The Aspinall Foundation, a world class conservation charity based in Kent, has returned the biggest ever group of Javan langurs to their natural Indonesian habitat, as it continues its work to prevent the extinction in the wild of this beautiful and tragically endangered species.
A total of 15 of the leaf-eating monkeys, including 13 captive-bred at the Foundation’s Port Lympne Reserve in Kent and two more from Beauval Zoo in France, boarded a 15 hour direct flight from Gatwick to Jakarta on 18th December 2016.
The Port Lympne langurs comprise three separate groups – one of three breeding females plus their four offspring: an all-male bachelor group made up of a father and his three sons; and a pair of teenage brothers. The Beauval Zoo langurs joining the journey are a pair of inseparable half sisters.
Once back in the wild, it is hoped that many of those returning will breed naturally to further increase the population. On arrival in Jakarta, all 15 were taken to a special rehabilitation centre on the island of East Java, built by the Aspinall Foundation with the approval of the Indonesian government. They will stay here for up to two months, undergoing stringent medical checks to ensure that they do not carry any diseases from captivity to the rainforests.
From there they will be moved into an open topped enclosure pre-release centre, where they will begin to familiarise themselves with life in their native homelands – watched by keepers to ensure the transition from captivity to freedom is as smooth as possible.
By next spring the 15 langurs, fully acclimatised, will be freed into the protected forest on the island of East Java. They will join 56 other Javan langurs successfully released into the wild by The Aspinall Foundation.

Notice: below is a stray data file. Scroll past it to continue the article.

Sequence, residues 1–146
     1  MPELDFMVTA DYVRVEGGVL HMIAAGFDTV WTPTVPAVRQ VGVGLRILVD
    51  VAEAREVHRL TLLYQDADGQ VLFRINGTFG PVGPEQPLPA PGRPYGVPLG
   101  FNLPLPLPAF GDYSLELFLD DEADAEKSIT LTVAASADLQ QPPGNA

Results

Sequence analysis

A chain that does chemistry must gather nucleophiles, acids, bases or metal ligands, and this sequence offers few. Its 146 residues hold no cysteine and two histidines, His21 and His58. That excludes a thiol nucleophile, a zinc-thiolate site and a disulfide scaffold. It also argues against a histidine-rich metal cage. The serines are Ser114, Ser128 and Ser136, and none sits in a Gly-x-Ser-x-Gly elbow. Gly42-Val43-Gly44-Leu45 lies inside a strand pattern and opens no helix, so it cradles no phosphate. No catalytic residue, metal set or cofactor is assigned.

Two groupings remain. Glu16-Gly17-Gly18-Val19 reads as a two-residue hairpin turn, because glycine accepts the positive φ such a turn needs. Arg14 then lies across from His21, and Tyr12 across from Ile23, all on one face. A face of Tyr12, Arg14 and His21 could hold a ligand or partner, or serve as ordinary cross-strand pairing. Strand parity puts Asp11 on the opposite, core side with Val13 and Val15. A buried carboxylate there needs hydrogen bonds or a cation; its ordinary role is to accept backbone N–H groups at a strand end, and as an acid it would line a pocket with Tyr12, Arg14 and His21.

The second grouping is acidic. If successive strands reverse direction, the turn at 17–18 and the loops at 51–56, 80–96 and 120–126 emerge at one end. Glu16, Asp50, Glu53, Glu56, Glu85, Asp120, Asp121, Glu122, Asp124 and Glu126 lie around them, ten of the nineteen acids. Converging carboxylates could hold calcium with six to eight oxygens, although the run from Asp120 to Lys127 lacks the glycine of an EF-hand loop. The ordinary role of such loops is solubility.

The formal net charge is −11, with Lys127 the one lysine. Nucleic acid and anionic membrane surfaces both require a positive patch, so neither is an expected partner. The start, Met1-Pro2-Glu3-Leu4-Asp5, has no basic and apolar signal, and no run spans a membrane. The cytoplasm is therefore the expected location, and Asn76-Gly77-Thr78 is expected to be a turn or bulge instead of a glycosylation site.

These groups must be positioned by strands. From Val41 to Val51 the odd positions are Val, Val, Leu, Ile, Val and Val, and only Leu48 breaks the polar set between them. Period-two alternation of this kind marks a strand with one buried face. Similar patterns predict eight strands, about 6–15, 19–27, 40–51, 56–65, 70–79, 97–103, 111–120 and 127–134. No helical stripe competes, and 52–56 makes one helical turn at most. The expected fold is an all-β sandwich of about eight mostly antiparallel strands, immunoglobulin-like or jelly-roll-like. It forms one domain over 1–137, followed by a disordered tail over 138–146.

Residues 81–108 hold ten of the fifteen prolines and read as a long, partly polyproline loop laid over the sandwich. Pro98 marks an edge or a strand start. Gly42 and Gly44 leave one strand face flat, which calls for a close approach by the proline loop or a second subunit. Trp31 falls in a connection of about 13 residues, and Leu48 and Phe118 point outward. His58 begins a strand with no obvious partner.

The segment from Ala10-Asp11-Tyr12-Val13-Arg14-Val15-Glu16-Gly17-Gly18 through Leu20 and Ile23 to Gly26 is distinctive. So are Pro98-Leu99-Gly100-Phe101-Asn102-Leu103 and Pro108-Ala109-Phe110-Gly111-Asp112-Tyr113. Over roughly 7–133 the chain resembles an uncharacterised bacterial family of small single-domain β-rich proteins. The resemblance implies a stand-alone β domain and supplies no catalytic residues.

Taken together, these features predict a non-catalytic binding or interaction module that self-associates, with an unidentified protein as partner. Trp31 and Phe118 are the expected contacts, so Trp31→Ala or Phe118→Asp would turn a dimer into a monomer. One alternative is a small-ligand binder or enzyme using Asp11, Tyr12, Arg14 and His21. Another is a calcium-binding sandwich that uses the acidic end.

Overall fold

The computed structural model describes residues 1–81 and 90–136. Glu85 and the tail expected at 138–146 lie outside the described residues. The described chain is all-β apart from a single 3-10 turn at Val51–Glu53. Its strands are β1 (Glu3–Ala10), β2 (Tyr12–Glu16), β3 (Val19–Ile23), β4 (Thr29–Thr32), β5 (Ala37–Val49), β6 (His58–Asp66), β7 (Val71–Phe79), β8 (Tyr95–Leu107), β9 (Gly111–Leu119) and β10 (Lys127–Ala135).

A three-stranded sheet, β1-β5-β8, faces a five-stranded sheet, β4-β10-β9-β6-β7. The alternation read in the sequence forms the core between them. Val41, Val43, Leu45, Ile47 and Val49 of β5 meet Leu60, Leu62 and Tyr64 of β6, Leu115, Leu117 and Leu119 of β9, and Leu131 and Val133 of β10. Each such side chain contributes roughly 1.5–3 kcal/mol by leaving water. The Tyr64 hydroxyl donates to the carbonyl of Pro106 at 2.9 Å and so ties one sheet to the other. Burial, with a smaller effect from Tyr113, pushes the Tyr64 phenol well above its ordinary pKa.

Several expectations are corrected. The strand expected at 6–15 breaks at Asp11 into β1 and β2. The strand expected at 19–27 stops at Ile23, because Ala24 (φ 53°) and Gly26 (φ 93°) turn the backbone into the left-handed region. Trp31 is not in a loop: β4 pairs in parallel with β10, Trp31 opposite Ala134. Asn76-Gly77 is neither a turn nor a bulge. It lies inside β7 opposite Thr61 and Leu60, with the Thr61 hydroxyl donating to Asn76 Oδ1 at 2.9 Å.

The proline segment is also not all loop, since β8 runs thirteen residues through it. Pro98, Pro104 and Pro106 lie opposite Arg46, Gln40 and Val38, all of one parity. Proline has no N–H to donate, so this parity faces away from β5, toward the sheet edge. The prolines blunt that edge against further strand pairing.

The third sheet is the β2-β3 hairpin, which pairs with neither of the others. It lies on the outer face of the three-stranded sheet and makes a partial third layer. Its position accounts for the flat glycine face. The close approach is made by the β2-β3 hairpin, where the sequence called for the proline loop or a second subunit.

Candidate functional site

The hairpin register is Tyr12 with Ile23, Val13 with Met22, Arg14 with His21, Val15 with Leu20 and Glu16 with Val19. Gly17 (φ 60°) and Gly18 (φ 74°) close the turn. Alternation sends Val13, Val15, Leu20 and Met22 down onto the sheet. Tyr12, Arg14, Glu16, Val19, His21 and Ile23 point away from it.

Once back in their ancestral homelands the langurs, each weighing around 7 kilograms and growing up to 87 centimetres in height, will live mainly in the treetops feeding off the greenery of the precious rainforest.
The Aspinall Foundation is the world’s most successful breeders of captive Javan langurs and gibbons. Its Indonesian project has already funded and overseen the release of the 56 langurs and around a dozen gibbons back to their natural homelands since 2010. Its work is fully approved and supported by the Indonesian government. The aim of the project – as of all its other back to the wild programmes – is to reinforce the population of endangered and critically endangered species in the wild.
The Javan langur population has been severely reduced by deforestation, hunting and the illegal pet trade In Indonesia, as well as boosting the primate population, the work of the Foundation also benefits the environment since part of its pledge to the government is to protect the forest which provides their habitat.
Damian Aspinall, chairman of the Aspinall Foundation, said: ‘This work in Indonesia is crucial to the survival of a species which faces annihilation and extinction in the wild within 20 years, unless proper conservation action is taken. That means, wherever possible, returning captive bred langurs to the wild. It also means confiscating, rehabilitating and returning to the wild wherever possible, illegally held pets from this and other species. We are delighted that Beauval zoo has decided to send two of its langurs back with our group. We believe it is a clear sign that others in the zoo and wildlife park business are coming around to our way of thinking, that returning wild animals to the wild can be an important conservation tool.’
The Aspinall Foundation’s Back To The Wild initiative has already seen the return of many captive born animals to their natural habitats, including western lowland gorillas, javan langurs, javan gibbons, black rhino and European bison.